The fiscal year ends on September 30. That night, the magic reconciliation carriage turns into a worthless pumpkin. That’s 143 days from now—which might sound like plenty of time, until you remember that it includes an August recess and a bunch of other vacation days in between, and that the markup process for a reconciliation bill can be painfully slow.
By way of comparison, look at this retrospective calendar my parliamentary-procedure pal Liam Donovan tweeted out showing the breakneck pace that was required to get the Trump tax cuts passed in a similar window:
With Dem leaders ratcheting up expectations for Sept action, I went back to look at the (whirlwind) TCJA timeline
9/19: Corker-Toomey Deal
9/27: Big 6 Framework
10/5-26: Budget adopted
11/2-16: House action
11/9-12/2: Senate action
12/15: Conf agreement
12/19-20: Final passage
— Liam Donovan (@LPDonovan) August 23, 2021
As you can see they did it all in about three months from the moment they had a deal on the contours of the bill.
So, yes, it’s still possible for the Democrats to get their shit together before September 30—but to do so would mean agreeing on the basics pronto. Not to mention that, assuming the bill would actually be popular and useful—a big assumption, I know—if Democrats want to use it as a campaign issue, the sooner it passes the better.
When it comes right down to it, I find it hard to to see the current legislative logjam as anything but a monumental failure on the part of Chuck Schumer and Democratic leadership . . . with a fail assist given out to the White House for chilling in the back seat while their Build Back Bettermobile veers over the median and into oncoming traffic.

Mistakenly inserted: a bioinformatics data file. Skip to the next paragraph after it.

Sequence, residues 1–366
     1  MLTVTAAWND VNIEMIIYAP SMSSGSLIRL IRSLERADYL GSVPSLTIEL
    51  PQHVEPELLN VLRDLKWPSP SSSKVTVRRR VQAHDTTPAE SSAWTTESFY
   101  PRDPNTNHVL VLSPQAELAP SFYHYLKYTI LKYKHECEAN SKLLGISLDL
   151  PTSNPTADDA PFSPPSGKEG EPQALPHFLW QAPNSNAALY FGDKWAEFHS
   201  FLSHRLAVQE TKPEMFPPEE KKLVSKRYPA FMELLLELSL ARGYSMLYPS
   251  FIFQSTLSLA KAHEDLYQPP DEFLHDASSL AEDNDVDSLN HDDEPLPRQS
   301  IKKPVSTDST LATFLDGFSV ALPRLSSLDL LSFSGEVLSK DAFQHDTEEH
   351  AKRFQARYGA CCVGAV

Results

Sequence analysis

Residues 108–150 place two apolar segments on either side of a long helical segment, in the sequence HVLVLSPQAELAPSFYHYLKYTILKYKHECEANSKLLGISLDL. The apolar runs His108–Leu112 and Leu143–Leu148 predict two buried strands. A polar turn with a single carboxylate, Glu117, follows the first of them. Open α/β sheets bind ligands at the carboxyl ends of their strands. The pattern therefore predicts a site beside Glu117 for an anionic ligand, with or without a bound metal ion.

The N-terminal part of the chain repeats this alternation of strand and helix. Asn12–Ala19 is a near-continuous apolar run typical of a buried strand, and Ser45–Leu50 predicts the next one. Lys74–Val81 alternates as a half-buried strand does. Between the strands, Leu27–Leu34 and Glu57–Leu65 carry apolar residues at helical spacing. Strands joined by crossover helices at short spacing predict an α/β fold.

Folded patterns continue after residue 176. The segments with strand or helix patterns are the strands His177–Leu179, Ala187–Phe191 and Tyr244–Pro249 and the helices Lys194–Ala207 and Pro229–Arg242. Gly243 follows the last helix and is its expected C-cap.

It’s not as if they couldn’t have seen this coming. They had only the one cheat code, and there were only two senators who needed to get brought on board in order to use it. Cut a deal and get ’er done.
This is 101-level politicking.
Sure Manchin and Sinema don’t seem to have been the most fun to deal with. But any Democrat with a brain had to recognize that to get something passed they would eventually need to stop moaning about how unfair it all is, recognize that a magic filibusting fairy wasn’t going to save them, and get Manchinema to the table to produce the best deal they could muster.
But nearly a year and a half has gone by, wasted.
Time is running out. If Schumer isn’t capable of getting a deal done by Memorial Day, Senate Democrats should find someone else who can. Otherwise they are going to butt fumble away both their majority and their agenda without even using the one weird trick that could’ve let them get something done.